Those Scottish independence polls: why the Don’t Knows mean Yes should be concerned

by Stephen Tall on September 10, 2014

Since the YouGov poll showing a narrow Yes lead was published at the weekend the Westminster Village has flailed into hyper-active over-drive. Even today’s Prime Minister’s Questions was cancelled to allow the three party leaders to descend on Scotland and bolster the flagging No campaign.

Personally I cannot begin to describe the extent of my ambivalence. As a federalist, I’m caught in a pincer of equal distaste for Alex Salmond’s and his cybernats’ nationalist aggression and the shrill Anglo-presumption of unionist politicians and commentators that the Scots need saving from themselves.

The Better Together campaign’s frayed nerves will be partially soothed by the latest poll released tonight purporting to show No leading by 53%-47%. I use the word purporting quite deliberately. Here’s why, courtesy ComRes’s blog:

Ignore the “don’t knows” at your peril

Most of the recent headlines have been generated by reports which have excluded “don’t know” respondents from the calculation. This gives a neat prediction of the final split. But it can be a misrepresentation of the polls.

An analogy: if we asked 1000 people whether they prefer Coca-Cola or Pepsi, and 400 preferred Coca-Cola, 350 preferred Pepsi, and 150 had no strong opinion or were undecided, it would then be wilfully misleading to say that 53% of them prefer Coke. This is effectively the analysis that many journalists (and some pollsters) have been making.

The truth is that while the two headline-grabbing, market-bashing polls of the week are each showing the same trend (an upward tick in “Yes” support), they are otherwise showing two very distinct pictures:

Pollwatch image - comres

The question is whether TNS-BMRB’s “don’t knows” will split evenly into “Yes” and “No”, or whether they are more likely to break towards one side. The evidence from previous referendums worldwide is that most “Don’t know” respondents will end up backing the “status quo” option on voting day. If that is the case, then “Yes” should be very concerned about their 39% figure this close to the vote.

Some will argue that there no longer is a status quo option on the ballot – that we are now into Devo Max vs. Full Independence territory. But the former clearly involves less change and less of the unknown, and we should still expect cautious and undecided voters to lean this way on voting day.

Keep your eye on the “don’t knows”.

Yes. And another thing to keep your eye on is the polling trends. You can see all the polls published to date at UK Polling Report here. Perhaps we’ll be blind-sided by a late surge, but it’s going to take more than one poll well within the margin of error to convince me Yes Scotland have a hope of winning outright.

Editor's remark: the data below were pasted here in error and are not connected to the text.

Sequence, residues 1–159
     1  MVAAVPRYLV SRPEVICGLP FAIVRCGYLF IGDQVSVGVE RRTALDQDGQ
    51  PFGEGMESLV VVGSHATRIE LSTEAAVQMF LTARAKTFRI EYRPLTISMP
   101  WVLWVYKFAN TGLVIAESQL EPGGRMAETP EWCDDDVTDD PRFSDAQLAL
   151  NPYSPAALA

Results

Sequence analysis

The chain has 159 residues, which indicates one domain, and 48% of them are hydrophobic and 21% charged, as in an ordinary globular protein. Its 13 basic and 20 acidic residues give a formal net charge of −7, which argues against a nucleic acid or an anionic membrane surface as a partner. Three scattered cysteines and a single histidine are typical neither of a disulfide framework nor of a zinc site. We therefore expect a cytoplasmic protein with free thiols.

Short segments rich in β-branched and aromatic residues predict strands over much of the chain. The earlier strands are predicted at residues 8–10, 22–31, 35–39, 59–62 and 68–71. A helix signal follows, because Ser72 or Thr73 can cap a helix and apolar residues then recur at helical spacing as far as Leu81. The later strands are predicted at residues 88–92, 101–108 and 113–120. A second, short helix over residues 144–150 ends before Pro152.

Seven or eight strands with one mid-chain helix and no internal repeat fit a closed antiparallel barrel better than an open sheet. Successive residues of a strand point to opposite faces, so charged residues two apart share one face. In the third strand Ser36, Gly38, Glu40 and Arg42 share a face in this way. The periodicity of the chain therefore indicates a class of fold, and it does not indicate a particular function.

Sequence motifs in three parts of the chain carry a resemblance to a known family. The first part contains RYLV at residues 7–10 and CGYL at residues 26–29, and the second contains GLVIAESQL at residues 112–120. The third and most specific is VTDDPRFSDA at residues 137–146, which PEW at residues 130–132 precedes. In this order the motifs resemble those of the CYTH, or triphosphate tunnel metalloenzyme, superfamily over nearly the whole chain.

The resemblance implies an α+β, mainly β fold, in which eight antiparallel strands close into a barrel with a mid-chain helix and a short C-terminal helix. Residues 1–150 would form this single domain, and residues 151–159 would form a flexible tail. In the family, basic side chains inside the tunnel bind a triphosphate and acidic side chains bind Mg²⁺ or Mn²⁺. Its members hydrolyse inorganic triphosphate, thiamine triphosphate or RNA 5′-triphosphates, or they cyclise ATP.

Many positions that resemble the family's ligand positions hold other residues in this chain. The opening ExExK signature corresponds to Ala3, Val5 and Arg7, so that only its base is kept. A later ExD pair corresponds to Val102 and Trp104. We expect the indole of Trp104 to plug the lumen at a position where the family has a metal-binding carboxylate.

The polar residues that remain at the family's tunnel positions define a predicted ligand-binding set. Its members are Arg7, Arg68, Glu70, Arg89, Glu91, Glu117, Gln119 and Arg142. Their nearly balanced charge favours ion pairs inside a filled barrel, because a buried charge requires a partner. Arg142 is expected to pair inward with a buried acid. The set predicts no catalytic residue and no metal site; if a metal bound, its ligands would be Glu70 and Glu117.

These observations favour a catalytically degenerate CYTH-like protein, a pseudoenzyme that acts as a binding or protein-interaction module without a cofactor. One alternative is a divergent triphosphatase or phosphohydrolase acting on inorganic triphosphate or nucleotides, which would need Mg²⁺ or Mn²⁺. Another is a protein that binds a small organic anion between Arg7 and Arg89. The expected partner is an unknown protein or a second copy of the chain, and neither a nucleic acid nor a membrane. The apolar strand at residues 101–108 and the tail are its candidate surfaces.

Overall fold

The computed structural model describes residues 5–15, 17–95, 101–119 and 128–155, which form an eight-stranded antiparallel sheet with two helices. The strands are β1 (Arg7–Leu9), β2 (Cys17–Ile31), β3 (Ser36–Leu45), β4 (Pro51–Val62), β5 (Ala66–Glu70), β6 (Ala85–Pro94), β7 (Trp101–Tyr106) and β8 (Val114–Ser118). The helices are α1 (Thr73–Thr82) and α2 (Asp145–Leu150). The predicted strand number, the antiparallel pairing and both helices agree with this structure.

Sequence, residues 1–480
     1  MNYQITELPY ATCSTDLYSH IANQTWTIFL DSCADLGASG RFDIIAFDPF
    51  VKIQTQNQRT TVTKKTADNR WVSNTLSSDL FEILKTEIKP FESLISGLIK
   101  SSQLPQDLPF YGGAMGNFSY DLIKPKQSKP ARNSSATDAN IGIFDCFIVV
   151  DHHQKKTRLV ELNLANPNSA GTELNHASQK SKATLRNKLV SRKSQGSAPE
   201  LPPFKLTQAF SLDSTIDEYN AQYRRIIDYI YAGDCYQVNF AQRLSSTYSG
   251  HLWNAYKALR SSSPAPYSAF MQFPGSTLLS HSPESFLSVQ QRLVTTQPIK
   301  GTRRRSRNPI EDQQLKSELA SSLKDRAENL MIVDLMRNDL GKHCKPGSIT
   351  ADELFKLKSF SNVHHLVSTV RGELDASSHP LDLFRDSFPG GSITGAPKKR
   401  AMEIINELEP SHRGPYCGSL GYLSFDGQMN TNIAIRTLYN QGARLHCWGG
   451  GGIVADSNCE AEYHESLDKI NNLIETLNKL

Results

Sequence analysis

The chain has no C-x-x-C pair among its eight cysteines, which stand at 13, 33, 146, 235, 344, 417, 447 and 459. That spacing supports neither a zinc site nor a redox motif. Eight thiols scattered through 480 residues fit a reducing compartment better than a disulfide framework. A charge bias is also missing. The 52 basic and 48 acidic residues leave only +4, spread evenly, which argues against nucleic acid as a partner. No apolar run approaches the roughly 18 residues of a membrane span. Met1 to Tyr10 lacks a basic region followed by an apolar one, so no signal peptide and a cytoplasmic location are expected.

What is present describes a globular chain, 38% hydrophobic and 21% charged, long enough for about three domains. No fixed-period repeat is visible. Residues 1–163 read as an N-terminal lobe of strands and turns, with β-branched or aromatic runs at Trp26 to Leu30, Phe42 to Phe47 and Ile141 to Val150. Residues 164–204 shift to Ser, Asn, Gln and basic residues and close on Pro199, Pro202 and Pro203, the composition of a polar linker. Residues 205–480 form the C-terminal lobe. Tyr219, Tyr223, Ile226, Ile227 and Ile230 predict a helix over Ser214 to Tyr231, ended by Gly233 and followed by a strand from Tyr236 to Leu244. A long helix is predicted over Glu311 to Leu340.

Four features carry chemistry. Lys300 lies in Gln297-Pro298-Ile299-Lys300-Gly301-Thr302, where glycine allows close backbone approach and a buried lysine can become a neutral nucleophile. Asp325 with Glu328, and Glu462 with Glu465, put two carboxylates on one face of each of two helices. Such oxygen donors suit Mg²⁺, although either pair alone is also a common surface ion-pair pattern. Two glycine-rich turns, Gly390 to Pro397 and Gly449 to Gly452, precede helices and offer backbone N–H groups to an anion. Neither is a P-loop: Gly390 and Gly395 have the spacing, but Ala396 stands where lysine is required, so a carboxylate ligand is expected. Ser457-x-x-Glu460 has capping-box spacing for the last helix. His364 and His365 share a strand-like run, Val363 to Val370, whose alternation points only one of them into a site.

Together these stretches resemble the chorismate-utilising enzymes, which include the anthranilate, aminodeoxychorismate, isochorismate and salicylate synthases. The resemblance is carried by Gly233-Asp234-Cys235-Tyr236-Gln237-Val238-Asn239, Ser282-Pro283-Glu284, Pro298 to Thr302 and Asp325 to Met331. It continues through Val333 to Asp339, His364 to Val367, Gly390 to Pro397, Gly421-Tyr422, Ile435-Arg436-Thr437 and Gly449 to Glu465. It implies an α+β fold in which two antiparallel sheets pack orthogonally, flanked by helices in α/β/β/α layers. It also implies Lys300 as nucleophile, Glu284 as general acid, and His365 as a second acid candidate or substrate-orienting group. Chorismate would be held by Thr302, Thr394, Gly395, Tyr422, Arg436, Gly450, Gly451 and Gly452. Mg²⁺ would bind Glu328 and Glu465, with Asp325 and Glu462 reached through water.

* Stephen Tall is Co-Editor of Liberal Democrat Voice, and editor of the 2013 publication, The Coalition and Beyond: Liberal Reforms for the Decade Ahead. He is also a Research Associate for the liberal think-tank CentreForum and writes at his own site, The Collected Stephen Tall.

It’s 8 May 2015. Nick Clegg’s resigned. Who speaks for the Lib Dems?

by Stephen Tall on September 9, 2014

Imagine the following scenario…

At the next general election, 7th May 2015, there is a hung parliament in which the Lib Dems hold the balance of power. However, the party doesn’t do very well. Nick Clegg resigns as party leader, or at any rate it becomes inevitable that he will do so soon.

The party turns to its Deputy Leader (elected by MPs, not members). Then it remembers that he, Sir Malcolm Bruce, retired the previous day. So there is no longer a Deputy Leader.

The Lib Dems then turn to their Party President — the only post other than that of Leader elected by all members — who will no longer be Tim Farron. He stands down this autumn after four years in post.

In his place will be one of Sal Brinton, Daisy Cooper, Linda Jack or Liz Lynne, the four candidates currently running for election. Good people, all, in their various ways. But, as Craig Ling puts it here:

The problem any of the candidates to follow him will face is that, with the greatest respect, they aren’t box office in any way. They may get elected to President, but the media will not give them the time of day and the harsh reality is that your average stay-at-home paid-up member (who doesn’t see Conference as the highlight of their year), will simply ask: ‘who are they?’

So my question is a simple one.

In the event that the Lib Dem leader has either resigned or is on the brink of doing so, there is no deputy leader, and the party president is a largely unknown quantity within the party let alone beyond: who will speak for the Lib Dems on 8th May 2015?

Yes, Scotland should have more independence. Wales too. But don’t forget the English

by Stephen Tall on September 8, 2014

I’m a federalist which, I guess, places me somewhere between the unionists and the separatists. Which means that, as I ‘fessed up last February, I’m much more ambivalent about the case for Scottish independence than most Lib Dems:

I believe in power being as close to the people as possible. Is ‘devo-max’ or full independence the best way to achieve that? That’s the key question Scots need to be able to answer by September. Ironically, it’s the one not on the ballot paper.

So I’m not as fazed as many down south are by the apparent tightening of the polls suggesting Yes Scotland have drawn level with Better Together. It now seems likely the result will be close. If Yes loses, but narrowly, it won’t settle the issue: it will merely postpone it. After all, the UK voted in 1975 to stay in Europe by a convincing 2:1 margin but that debate hasn’t gone away. The Nationalists will be back – and as the older generations are the most indy-sceptical it’s quite possible demography will be on their side. Even if the Union is saved this time, it may not be next time (and there would be a next time).